Concentration in Aerospace Science
Concentration in Astronomy
Concentration in Space Policy
Final Program Requirements3
Elective Requirements44
Total Semester Hours120

Degree Program Requirements

General Education Requirements (30 semester hours)

Arts and Humanities (6 semester hours) 1
PHIL202Philosophy of Science3
Select 1 course from the following:3
Art Appreciation
Film and Literature
Image Enhancement using Adobe Photoshop
World Literature through the Renaissance
World Literature since the Renaissance
English Literature: Beowulf to18th Century
English Literature: 18th Century to Present
American Literature before The Civil War
American Literature from The Civil War to Present
Arabic I
Arabic II
French I
French II
German I
German II
Introduction to Japanese
Music Appreciation
Introduction to Philosophy
Critical Thinking
Introduction to Brazilian Portuguese
Introduction to World Religions
Russian I
Spanish I
Spanish II
Civics, Political and Social Sciences (6 semester hours) 1
Select 2 courses from the following:6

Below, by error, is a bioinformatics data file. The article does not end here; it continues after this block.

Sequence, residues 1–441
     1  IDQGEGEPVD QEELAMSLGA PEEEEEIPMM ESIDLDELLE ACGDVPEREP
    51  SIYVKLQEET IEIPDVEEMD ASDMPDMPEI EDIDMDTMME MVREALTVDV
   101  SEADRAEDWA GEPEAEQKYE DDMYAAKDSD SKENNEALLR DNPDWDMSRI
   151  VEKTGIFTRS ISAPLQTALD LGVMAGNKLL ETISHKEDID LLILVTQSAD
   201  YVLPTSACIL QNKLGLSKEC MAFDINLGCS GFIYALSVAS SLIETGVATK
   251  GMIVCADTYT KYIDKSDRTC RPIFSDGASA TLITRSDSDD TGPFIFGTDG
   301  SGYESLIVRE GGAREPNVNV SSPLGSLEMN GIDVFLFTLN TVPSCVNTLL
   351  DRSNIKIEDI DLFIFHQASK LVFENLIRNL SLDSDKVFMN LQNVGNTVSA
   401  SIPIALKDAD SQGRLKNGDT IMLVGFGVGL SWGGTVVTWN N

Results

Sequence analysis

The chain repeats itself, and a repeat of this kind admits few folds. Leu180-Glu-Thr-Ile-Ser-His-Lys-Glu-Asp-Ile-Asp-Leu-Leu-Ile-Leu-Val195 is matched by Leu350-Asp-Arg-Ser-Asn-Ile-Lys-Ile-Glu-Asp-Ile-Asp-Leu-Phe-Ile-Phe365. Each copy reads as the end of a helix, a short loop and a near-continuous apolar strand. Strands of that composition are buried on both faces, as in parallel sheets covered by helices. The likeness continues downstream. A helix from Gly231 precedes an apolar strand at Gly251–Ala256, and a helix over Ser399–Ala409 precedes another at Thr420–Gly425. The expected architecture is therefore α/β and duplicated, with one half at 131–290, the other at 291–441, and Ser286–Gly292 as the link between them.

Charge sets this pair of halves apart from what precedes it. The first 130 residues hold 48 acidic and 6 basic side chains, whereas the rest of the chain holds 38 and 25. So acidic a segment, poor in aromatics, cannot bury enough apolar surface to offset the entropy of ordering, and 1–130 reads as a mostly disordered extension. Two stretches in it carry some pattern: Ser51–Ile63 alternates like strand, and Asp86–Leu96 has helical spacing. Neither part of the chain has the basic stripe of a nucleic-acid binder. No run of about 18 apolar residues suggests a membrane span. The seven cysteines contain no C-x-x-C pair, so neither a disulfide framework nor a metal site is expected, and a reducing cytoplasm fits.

Introduction to Anthropology
Introduction to Cultural Anthropology
Human Sexuality
Social Media and Society
Intercultural Communication
Humane Education: A Global Interdisciplinary Perspective
Introduction to Geography
Practical Food Safety and Awareness
International Relations I
Contemporary World Culture Through Literature
Cultural Diversity in Contemporary American Literature
American Government I
Introduction to Psychology
Introduction to Sociology
Social Problems
American Popular Culture
Communication: Writing, Oral, and Multimedia (9 semester hours)
COMM120Information and Digital Literacy3
ENGL110Making Writing Relevant3
ENGL221Scientific Writing3
History (3 semester hours)
HIST270History of Science3
Mathematics and Applied Reasoning (3 semester hours)
MATH110College Algebra3
Natural Sciences (3 semester hours)
ERSC181Introduction to Geology3
Total Semester Hours30

Major Required (28 semester hours)

MATH111College Trigonometry3
CHEM133General Chemistry I with Lab4
SCIN133Introduction to Physics with Lab4
SCIN134Introduction to Astronomy with Lab4